It was then I truly realised that at the World Cup, you can’t help but make friends. There is a common love for the sport, and similar effort and sacrifices that everyone makes to get there, all of which combines to form a World Cup fever that takes over body and soul from the minute you land. Of course, with the heavy alcohol consumption that reduces inhibitions, you’d be hard pressed to find a person who didn’t make many different random friends-for-the-road-but-not-for-life during their trip.
Before long, Angel was telling us his own life story. He was particularly happy to talk about his first World Cup experience in Brazil four years before. According to him, it was fun but not as organised as Russia 2018.
“We learnt from our experience in the last one. We hardly had any days in between matches to rest and Brazil didn’t have trains to and from the games like Moscow,” Angel told us in between coffees. “We had to rent a taxi from Rio to Sao Paolo and Brasilia, and the distances were really quite a lot.”
Partly, Angel was speaking to us because he found friendly Latin faces that cold morning in the Moscow train station, where he was waiting on a cousin who was traveling from Guatemala. The cousin – Daniel – had been on a delayed flight, and soon after landing just a few hours before, called Angel to tell him not to wait up for him at his hotel room, but to meet him at the train station. So far he hadn’t showed – with 20 minutes to go until the train departed, my husband and I exchanged skeptical looks having decided that Angel’s cousin wouldn’t be joining us that morning.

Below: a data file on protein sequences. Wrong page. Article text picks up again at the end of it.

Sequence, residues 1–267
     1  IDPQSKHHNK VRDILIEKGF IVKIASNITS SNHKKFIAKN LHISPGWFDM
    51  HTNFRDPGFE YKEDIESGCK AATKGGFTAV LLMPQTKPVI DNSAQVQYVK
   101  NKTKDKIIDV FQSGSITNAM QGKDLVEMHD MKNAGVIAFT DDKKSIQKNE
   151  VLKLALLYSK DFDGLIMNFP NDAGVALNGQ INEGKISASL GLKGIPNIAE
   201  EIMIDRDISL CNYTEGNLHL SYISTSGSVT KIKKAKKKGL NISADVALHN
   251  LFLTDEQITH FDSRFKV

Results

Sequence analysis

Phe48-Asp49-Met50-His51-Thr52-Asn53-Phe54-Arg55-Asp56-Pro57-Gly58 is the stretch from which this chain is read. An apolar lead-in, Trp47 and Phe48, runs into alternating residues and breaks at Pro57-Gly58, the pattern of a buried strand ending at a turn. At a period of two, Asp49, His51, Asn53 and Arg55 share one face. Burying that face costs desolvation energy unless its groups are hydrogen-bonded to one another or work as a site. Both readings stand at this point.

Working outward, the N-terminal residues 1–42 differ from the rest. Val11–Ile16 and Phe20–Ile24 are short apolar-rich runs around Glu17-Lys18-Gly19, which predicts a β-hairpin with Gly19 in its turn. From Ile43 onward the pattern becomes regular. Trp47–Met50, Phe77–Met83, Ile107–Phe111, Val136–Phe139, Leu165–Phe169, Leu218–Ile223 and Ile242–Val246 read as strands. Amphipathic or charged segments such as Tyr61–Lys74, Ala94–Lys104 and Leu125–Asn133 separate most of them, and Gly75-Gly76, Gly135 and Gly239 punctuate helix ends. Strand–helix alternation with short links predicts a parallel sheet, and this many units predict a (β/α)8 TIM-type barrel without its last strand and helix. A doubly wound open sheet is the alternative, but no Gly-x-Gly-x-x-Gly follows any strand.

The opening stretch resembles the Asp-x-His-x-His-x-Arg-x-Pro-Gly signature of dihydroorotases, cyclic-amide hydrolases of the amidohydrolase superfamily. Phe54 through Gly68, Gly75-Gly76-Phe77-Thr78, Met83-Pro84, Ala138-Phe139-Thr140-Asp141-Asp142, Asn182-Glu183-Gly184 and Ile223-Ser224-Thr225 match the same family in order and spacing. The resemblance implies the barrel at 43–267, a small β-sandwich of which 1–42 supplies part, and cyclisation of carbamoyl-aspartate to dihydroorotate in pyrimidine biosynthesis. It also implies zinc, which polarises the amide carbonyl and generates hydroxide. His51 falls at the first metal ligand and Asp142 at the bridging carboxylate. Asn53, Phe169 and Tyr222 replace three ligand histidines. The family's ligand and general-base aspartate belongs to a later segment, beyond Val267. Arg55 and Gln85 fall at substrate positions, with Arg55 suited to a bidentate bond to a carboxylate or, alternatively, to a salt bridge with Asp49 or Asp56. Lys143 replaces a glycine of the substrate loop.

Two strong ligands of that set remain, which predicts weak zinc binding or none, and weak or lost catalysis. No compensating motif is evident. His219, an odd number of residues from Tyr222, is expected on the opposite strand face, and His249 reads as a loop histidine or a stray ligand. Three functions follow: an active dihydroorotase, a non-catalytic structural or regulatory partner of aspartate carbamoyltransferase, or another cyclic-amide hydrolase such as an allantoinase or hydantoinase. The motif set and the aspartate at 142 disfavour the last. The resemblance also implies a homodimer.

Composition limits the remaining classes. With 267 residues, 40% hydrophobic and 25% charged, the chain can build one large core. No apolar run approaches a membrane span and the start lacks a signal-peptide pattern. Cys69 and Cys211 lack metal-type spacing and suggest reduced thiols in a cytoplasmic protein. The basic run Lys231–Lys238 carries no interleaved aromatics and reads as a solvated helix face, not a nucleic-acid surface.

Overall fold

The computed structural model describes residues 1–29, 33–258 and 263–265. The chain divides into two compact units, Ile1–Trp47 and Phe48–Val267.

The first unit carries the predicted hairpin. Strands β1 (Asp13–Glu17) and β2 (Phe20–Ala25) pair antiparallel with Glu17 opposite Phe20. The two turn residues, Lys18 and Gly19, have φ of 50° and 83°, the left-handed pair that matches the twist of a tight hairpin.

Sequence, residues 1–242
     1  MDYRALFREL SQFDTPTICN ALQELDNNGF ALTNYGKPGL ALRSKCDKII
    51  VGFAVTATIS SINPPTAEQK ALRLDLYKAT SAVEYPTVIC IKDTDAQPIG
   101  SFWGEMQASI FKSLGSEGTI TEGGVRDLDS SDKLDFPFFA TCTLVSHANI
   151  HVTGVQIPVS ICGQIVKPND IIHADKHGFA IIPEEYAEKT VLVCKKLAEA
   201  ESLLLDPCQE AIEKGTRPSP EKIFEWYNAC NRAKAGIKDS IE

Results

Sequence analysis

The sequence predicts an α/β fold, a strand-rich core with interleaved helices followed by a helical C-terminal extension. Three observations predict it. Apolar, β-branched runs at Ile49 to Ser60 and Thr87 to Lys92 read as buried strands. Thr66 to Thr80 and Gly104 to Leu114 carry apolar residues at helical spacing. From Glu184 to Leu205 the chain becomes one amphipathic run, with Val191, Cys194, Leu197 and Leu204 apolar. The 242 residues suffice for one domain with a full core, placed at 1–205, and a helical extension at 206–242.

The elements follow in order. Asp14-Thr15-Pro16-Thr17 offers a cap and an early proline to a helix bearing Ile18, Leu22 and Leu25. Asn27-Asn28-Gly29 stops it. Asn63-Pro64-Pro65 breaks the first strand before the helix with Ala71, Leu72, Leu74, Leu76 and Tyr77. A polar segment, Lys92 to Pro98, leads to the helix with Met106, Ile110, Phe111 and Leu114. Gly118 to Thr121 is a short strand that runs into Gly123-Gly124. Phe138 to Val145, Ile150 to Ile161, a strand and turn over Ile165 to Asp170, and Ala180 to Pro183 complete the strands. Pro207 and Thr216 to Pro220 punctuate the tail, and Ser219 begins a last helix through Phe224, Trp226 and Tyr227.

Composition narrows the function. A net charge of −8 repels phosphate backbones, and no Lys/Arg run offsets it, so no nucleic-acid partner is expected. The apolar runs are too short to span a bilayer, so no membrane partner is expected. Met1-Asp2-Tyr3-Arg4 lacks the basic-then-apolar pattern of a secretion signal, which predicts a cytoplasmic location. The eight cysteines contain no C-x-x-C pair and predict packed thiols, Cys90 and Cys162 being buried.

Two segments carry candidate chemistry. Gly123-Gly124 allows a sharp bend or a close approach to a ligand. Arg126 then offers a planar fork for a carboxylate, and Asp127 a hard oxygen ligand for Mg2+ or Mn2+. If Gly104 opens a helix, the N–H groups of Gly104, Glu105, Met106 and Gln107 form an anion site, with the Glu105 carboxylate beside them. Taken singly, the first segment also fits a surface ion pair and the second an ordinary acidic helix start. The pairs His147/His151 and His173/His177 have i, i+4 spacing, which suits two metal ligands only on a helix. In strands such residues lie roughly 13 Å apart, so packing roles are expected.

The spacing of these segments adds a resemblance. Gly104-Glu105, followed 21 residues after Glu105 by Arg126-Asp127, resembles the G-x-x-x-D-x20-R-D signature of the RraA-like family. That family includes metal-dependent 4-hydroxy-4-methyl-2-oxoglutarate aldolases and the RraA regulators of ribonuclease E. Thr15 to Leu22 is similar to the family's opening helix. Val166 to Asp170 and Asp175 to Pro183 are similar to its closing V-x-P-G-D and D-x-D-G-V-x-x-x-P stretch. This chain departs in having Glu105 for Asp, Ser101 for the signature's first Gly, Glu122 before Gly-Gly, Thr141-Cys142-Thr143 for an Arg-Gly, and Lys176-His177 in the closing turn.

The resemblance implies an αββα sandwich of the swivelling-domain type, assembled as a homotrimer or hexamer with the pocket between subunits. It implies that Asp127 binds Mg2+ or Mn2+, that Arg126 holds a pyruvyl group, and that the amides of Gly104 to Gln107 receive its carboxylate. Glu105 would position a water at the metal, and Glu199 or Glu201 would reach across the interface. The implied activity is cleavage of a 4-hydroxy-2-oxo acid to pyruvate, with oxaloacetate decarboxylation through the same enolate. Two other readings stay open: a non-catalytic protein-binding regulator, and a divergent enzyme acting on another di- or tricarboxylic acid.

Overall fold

Luckily – there’s a happy ending here. Angel was safely reunited with his cousin at 6:25 AM, just 5 minutes before the train was scheduled to depart.
On our way!
Russian trains are prompt and leave on schedule, whether or not you are on them. Growing up with India’s very well connected train system, I was still used to train delays, long signal stops and late arrivals. But Russia doesn’t operate like that. The train rolled out of Moscow’s Kurksy station the minute it said it would, and the empty seats suggested that more than one person had missed the train.
Seats on the free trains were pre-assigned to avoid any kind of skirmishes, and the train even comes with a diner car which, even at 8 AM, felt more like a dive bar on a Friday night than an early morning train. One poor soul, clearly tired from the excursions of the days and weeks before, was even passed out in the corner, overcome by Russian brews.
As fate would have it, we bumped into Angel and his cousin in the bar. After a few shots of Russian vodka – taken with pickles – you could almost touch the excitement in the air. The bar car got louder and louder as we got to our destination, with the thick stench of beer and vodka wafting over the boisterous and increasingly excited fans as we prepared to arrive in Nizhny.
The restaurant car manager for his part was encouraging our drinking and even at one point saying,
“Anything else? Beer, Vodka or Whiskey?”
As the train slowly pulled into Nizhny the bar car was declared out of order and we, bleary-eyed and slightly tipsy at 10 AM in the morning, moved back to our seats, to our predominantly Uruguayan cabin. The fans were in their full light-blue regalia, singing their football anthem ‘Cielo de un Solo Color’. It was clear the rest of the day would be just as eventful.